IGP: Cops not ruling out Hamas assassination plot following Israeli's arrest [NSTTV]

KUALA LUMPUR: Police have not ruled out the possibility that the suspected Israeli spy, detained with firearms and ammo in Kuala Lumpur on Wed, was on a mission to kill Hamas operatives in Malaysia.

They are also investigating the possibility that the suspect has ties to Israeli intelligence agency Mossad.

Inspector General of Police Tan Sri Razarudin Husain said they were investigating all possibilities in the case.

"Those are within our frame of investigation. We are taking on board all possibilities," he told the New Straits Times today.

Razarudin had previously confirmed that police were working to detect foreign intelligence operatives, including Malaysians hired by Mossad, conducting clandestine operations in Malaysia.

He said this was done since the assassination of Fadi Mohamed al-Batsh, a Palestinian professor and Hamas member, in Kuala Lumpur in 2018, as well as the arrest of a group behind the kidnapping of Palestinians in Malaysia.

The NST had in 2022 reported how Mossad agents had engaged Malaysians to track down and abduct two Palestinian men they believed to be assets of the Hamas al-Qassam Brigade.

In a brazen snatch-and-grab operation in KL, the team intercepted the two Palestinians on Sept 28 when the duo, both computer programming experts, were about to enter a vehicle parked near Jalan Yap Kwan Seng.

They succeeded in abducting one, while the other Palestinian escaped to seek help from security guards at a hotel lobby. He later lodged a police report.

The abducted Palestinian was taken to another location, where he was tied to a chair, bound and blindfolded. He was then put on a video call with two Israelis.

It is learnt the Israelis wanted to know about his experience in computer application development, Hamas' strength in developing software, members of the Al-Qassam Brigade that he knew and their strengths.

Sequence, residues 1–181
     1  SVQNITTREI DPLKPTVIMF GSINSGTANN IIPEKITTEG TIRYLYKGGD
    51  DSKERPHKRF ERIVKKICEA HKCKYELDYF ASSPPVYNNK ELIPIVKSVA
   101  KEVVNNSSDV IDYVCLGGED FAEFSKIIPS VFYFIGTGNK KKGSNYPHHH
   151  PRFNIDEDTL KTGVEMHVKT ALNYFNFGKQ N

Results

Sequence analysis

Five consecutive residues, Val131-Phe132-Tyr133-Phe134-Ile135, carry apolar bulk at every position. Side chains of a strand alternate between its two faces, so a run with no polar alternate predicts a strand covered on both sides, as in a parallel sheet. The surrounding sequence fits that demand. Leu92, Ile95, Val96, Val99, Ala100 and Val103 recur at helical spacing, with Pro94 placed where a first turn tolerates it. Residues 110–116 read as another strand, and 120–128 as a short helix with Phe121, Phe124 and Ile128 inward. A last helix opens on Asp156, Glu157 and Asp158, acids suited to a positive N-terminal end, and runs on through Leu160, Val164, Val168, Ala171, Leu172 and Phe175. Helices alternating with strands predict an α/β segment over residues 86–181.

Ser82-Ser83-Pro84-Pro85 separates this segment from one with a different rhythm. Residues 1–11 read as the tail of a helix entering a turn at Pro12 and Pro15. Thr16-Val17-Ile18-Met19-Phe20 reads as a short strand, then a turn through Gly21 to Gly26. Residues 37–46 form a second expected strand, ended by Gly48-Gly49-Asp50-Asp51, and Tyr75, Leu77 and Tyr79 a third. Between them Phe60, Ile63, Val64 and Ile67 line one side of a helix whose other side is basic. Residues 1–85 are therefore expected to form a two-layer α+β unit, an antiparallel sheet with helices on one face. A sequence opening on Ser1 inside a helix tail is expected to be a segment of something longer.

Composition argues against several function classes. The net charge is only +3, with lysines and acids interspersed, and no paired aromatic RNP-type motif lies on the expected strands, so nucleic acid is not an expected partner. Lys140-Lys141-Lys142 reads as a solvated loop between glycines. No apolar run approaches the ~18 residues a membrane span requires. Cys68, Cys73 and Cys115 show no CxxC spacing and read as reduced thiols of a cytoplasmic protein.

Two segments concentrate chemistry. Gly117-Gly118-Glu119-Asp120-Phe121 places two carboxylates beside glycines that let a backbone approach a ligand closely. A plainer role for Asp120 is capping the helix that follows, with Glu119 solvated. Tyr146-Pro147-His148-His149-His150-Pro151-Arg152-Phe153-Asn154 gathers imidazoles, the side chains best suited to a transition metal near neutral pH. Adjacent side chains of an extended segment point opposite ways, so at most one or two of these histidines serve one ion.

It is learnt the interrogation was ongoing when police raided the chalet where the Palestinian was held.

Fourteen people, including a woman, have since been charged with kidnapping.

Meanwhile, Razarudin said police are probing why the suspected Israeli spy had six guns and 200 rounds of ammunition in his possession.

He said this was a key question given that the suspect, upon questioning, claimed that he was in Malaysia to kill a fellow Israeli over a personal dispute.

"For now, the investigation is skewed towards that. At the same time, we haven't dismissed the possibility that the suspect may have other agendas as I had stated before, namely threatening the safety of the Yang di-Pertuan Agong or the prime minister, as well as other important people.

"These are all the main focuses of our investigation," he told Berita Harian.

The suspect had entered Malaysia on Wednesday via a flight from the United Arab Emirates (UAE) using a French passport, which the authorities believe was fake.

He had shifted between hotels before the authorities nabbed him at a hotel in Ampang.

Sources claimed that the hotels he stayed in were five-star residences. The suspect was also believed to have dined in high-end restaurants.

He had stayed in three different hotels before police moved in to arrest him, sources claimed.

During his arrest, police found six guns and 200 bullets in his possession.

The weapons included a Glock 19 Marine, Glock 17 Gen 4, Smith and Wesson, Sig Sauer and Stoeger.

The suspect is being remanded for four days to facilitate a probe under Section 12 of the Passport Act 1966 and Section 7 of the Firearms Act (Increased Penalties) 1971.

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